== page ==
Dimensions of critical care nursing: DCCN

Published by Lippincott, Williams & Wilkins
Online ISSN: 0730-4625
Publications
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Learn how to facilitate implementation of OSHA's strengthened sharps safety requirements.
 
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This article presents an overview of the guidelines for the management of pregnant women with asthma. Emphasis is placed on the National Asthma Education and Prevention Program guidelines.
 
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As everyone is well aware, we are in the midst of a nursing shortage-one with no end in sight at the present time. But are you aware that we also have a shortage of nursing faculty? This article will briefly describe the current and predicted shortage of faculty, potential reasons for the shortage, current ways of coping, and the future for nursing faculty.
 
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Flow sheets provide a clear understanding of the patient in a timely manner, but designing the new charting format can be complex. This guide defines a patient-care document's purpose, flow sheet strengths, and the evaluation format.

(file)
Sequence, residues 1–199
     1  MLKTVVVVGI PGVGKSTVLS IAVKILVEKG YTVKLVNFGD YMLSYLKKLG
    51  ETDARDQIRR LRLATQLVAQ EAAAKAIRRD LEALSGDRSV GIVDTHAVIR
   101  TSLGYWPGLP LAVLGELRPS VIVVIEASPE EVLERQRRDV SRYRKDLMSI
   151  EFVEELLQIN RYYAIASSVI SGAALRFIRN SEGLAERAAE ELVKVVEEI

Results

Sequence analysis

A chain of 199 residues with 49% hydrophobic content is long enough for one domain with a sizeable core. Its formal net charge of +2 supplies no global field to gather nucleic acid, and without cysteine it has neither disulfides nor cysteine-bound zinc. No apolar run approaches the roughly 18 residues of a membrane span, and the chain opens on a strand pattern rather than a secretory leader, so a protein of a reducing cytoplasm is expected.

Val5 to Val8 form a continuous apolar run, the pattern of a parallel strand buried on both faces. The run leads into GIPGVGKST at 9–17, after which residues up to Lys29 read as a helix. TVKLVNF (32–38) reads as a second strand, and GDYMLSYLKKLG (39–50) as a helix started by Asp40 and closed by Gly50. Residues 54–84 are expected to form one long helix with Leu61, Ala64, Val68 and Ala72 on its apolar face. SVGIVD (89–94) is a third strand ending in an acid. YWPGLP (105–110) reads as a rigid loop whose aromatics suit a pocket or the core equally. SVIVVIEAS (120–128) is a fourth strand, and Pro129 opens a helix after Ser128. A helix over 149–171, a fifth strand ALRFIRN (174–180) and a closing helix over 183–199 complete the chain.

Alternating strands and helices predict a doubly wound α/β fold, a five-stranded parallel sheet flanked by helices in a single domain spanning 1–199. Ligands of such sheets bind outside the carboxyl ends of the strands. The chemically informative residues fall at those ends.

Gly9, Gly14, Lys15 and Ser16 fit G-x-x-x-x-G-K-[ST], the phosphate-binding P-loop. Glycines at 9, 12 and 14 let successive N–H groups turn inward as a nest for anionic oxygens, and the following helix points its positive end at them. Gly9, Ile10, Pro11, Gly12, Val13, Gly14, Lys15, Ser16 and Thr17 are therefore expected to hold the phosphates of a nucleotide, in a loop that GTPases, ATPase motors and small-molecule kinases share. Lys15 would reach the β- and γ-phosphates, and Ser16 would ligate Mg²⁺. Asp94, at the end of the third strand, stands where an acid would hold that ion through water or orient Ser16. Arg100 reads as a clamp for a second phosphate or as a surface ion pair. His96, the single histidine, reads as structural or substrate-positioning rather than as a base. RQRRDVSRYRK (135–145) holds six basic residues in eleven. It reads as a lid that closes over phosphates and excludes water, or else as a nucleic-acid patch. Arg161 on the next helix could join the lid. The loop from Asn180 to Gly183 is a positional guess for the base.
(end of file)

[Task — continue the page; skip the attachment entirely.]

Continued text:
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Although the first line of defense in cancer treatment often is surgery, studies suggest that postoperative pain and anesthetic drugs suppress the activity of cells that lyse metastatic cells, that is, natural killer cells. We assessed the affect of low-dose ketamine on natural killer cell activity. The findings are presented in this brief report.
 
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This paper specifically examines the critical care nurse's role in preventing cardiovascular complications for the abdominal aortic aneurysm (AAA) resection patient.
 
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Noninvasive ventilation has become a widespread tool of treatment and support for patients in acute care settings. The treatment is used for various clinical conditions, particularly chronic obstructive pulmonary disease and acute cardiogenic pulmonary edema. The utilization of a simple nursing care checklist allows treatment in a systematic fashion. This article discusses the respiratory features of this topic: criteria for noninvasive ventilation, choice of the interface for acute clinical conditions, ventilators and modes of ventilation in noninvasive ventilation, management of setting parameters, patient/ventilator interactions, and monitoring.